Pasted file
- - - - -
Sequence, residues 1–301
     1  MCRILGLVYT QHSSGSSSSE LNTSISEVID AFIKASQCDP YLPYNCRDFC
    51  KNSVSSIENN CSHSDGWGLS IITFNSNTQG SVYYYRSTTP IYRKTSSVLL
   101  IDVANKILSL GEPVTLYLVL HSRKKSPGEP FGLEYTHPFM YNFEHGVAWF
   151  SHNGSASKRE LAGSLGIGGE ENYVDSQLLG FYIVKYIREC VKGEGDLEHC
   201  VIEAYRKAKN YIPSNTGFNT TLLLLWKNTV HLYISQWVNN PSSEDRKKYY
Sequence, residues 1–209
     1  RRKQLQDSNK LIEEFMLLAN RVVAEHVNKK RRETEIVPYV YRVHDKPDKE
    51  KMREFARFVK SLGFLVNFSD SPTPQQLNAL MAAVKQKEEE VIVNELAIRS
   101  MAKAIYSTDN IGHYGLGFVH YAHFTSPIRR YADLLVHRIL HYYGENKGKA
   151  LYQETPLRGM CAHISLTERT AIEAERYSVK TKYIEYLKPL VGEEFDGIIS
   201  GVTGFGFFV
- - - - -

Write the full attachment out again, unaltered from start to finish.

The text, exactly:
Sequence, residues 1–301
     1  MCRILGLVYT QHSSGSSSSE LNTSISEVID AFIKASQCDP YLPYNCRDFC
    51  KNSVSSIENN CSHSDGWGLS IITFNSNTQG SVYYYRSTTP IYRKTSSVLL
   101  IDVANKILSL GEPVTLYLVL HSRKKSPGEP FGLEYTHPFM YNFEHGVAWF
   151  SHNGSASKRE LAGSLGIGGE ENYVDSQLLG FYIVKYIREC VKGEGDLEHC
   201  VIEAYRKAKN YIPSNTGFNT TLLLLWKNTV HLYISQWVNN PSSEDRKKYY
Sequence, residues 1–209
     1  RRKQLQDSNK LIEEFMLLAN RVVAEHVNKK RRETEIVPYV YRVHDKPDKE
    51  KMREFARFVK SLGFLVNFSD SPTPQQLNAL MAAVKQKEEE VIVNELAIRS
   101  MAKAIYSTDN IGHYGLGFVH YAHFTSPIRR YADLLVHRIL HYYGENKGKA
   151  LYQETPLRGM CAHISLTERT AIEAERYSVK TKYIEYLKPL VGEEFDGIIS
   201  GVTGFGFFV